Combat suffers from similar issues as the level design. In spite of the various techniques available it isn’t until the second half of the game that you are presented with enemies that actually put up a fight. Fighting the same zombie ninjas and dogs that are more apt to stare at you than attack becomes repetitive fast. Contrast this with the modern Ninja Gaiden games that do an excellent job of marrying its play mechanics with suitable challenges to use them; almost any encounter can lead to death if you aren’t paying attention in those games.
That’s not to say the game isn’t challenging but mostly it’s for the wrong reasons. All eight levels are broken down into two sections and a boss, with each lasting up to 15 minutes. Unfortunately there are no check points, requiring you to more than likely play through each multiple times. If the level design were more interesting it wouldn’t be such a chore but running down the same hallway 8 times per level gets old fast. Late in the game you’ll encounter foes that require you to break their guard using a Tate kill, a feat that becomes increasingly difficult when 8-10 of the bastards swarm like killer bees. Most of the bosses also have this requirement, with lesser adds spawning to give you chance to build up your attack power.
The bosses are the highlight of the entire package and are a throwback to prior games in the series. Deducing their attack pattern and pulling off a near perfect kill for a high rank is a fun challenge along the lines of Devil May Cry. Shirogane and Akagane present an interesting challenge in terms of prioritization while the four armed Buddha statue is a lightning spewing beast. Keeping Akujiki at full power is the key to surviving these encounters although I will say that if you can defeat the final boss without tearing your hair out or cheating you are truly a god amongst men.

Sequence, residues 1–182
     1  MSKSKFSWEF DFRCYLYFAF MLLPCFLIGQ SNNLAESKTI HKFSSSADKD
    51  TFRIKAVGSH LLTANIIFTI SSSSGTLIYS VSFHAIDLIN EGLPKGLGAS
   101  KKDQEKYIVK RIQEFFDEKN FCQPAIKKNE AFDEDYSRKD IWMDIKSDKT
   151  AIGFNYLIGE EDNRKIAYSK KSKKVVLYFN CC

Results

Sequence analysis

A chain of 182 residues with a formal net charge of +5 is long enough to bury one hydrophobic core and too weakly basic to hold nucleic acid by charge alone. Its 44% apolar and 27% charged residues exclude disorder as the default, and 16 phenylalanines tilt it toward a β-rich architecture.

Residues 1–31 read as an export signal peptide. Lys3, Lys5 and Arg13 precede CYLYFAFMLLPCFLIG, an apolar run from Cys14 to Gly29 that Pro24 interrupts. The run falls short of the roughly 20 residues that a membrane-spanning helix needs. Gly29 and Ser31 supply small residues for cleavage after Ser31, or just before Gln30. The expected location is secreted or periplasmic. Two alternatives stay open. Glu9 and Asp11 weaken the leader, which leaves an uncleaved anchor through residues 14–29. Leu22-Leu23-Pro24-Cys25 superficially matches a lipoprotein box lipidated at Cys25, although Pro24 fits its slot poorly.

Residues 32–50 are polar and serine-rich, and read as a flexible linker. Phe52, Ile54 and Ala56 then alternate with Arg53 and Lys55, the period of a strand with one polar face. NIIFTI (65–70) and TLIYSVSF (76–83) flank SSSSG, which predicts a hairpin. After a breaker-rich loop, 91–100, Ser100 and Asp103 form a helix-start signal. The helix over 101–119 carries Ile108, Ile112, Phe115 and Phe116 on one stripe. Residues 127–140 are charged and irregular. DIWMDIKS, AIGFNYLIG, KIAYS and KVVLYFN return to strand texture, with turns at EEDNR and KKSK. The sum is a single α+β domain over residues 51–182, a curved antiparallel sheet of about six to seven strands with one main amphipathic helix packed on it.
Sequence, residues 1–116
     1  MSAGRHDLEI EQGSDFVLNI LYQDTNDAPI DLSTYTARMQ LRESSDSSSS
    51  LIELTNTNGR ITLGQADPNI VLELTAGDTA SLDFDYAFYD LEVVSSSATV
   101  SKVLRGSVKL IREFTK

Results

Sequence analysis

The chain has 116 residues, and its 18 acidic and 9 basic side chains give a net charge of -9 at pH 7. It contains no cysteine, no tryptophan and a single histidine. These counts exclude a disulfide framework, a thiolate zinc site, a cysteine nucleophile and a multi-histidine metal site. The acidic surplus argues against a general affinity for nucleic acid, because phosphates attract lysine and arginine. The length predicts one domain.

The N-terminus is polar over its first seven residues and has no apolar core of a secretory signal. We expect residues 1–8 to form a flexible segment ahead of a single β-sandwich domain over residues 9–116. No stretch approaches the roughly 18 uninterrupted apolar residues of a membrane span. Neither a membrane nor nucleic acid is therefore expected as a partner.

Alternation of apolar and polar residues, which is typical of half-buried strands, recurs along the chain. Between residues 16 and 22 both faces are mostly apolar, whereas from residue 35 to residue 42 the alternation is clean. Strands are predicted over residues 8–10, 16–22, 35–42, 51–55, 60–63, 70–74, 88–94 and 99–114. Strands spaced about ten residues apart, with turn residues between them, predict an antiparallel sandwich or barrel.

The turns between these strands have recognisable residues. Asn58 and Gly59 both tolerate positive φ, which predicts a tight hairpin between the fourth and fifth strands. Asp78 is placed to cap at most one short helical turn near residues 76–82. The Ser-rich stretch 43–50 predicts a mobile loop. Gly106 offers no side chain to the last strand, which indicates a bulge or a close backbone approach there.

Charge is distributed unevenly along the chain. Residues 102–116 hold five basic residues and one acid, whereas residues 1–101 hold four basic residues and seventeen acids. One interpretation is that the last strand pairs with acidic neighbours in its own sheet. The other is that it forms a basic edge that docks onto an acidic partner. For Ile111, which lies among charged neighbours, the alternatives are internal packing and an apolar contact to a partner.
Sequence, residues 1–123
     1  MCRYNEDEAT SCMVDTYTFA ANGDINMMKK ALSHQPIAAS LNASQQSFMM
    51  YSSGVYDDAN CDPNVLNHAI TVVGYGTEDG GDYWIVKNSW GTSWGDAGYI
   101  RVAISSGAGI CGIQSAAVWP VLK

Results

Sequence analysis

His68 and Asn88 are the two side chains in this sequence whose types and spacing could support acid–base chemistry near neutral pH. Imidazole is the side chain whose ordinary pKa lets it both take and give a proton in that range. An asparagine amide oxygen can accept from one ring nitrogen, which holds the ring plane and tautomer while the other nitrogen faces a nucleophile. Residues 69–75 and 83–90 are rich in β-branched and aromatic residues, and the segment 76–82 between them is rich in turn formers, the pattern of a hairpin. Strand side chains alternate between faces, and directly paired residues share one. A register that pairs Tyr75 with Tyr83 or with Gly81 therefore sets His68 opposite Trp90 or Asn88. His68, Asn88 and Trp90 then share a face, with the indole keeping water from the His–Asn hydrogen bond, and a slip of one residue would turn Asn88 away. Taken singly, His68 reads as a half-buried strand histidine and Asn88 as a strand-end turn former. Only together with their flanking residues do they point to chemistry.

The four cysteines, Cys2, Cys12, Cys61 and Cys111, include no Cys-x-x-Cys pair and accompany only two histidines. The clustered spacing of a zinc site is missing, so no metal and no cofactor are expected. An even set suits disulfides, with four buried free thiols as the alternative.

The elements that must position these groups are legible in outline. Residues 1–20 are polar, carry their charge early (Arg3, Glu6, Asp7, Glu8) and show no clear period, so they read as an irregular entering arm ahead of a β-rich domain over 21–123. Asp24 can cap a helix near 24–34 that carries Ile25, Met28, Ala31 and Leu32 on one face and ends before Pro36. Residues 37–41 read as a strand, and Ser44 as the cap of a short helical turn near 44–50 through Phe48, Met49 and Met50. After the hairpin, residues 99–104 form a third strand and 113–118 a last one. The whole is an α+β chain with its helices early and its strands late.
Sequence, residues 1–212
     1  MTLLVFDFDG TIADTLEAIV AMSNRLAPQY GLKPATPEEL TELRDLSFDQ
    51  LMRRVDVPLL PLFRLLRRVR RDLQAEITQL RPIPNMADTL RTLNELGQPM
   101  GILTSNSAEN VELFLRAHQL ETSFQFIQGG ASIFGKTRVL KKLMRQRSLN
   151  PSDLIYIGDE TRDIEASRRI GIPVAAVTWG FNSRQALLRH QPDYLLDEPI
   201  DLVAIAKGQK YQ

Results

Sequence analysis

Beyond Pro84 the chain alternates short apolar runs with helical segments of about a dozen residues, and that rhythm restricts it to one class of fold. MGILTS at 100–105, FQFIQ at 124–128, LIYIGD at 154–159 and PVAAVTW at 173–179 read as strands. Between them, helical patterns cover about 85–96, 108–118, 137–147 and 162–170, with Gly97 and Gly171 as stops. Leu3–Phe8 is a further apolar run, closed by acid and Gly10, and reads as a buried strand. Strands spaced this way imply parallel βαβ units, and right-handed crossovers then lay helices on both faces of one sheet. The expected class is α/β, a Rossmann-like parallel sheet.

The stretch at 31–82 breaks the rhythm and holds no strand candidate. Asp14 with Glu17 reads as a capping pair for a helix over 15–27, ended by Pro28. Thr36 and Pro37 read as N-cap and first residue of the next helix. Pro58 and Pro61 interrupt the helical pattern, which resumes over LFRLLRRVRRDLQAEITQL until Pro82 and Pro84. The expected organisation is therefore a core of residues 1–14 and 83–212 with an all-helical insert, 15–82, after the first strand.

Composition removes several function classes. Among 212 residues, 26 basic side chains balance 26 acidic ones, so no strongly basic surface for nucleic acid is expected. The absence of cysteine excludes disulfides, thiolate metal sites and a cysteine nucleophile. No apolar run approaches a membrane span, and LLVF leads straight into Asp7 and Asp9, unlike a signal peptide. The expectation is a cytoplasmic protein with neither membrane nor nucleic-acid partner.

Shinobi certainly didn’t win awards for its graphics at release and it’s only gotten worse as the years have passed. The art direction is solid; Hotsuma is well designed as a modern day ninja with some trace elements of the past. His scarf is insanely pretty to watch as it trails your movements and the destroyed Tokyo streets and various temples all have a unique look but the cut and paste environments ruin the illusion. Most character models have low polygon counts that are noticeable at times although later bosses buck that trend. The sacrifice in detail allows the game to run at a high frame rate which you’ll notice immediately as the controls are ultra-responsive. The soundtrack is excellent all around and continues the series musical legacy.
Though it stumbles at times Shinobi is a solid reimagining of the series. There are a ton of extras, from art work to 3 more playable characters. If you stick with it you’ll be rewarded with a challenging and long quest that will truly test your skills while staying true to the series foundation.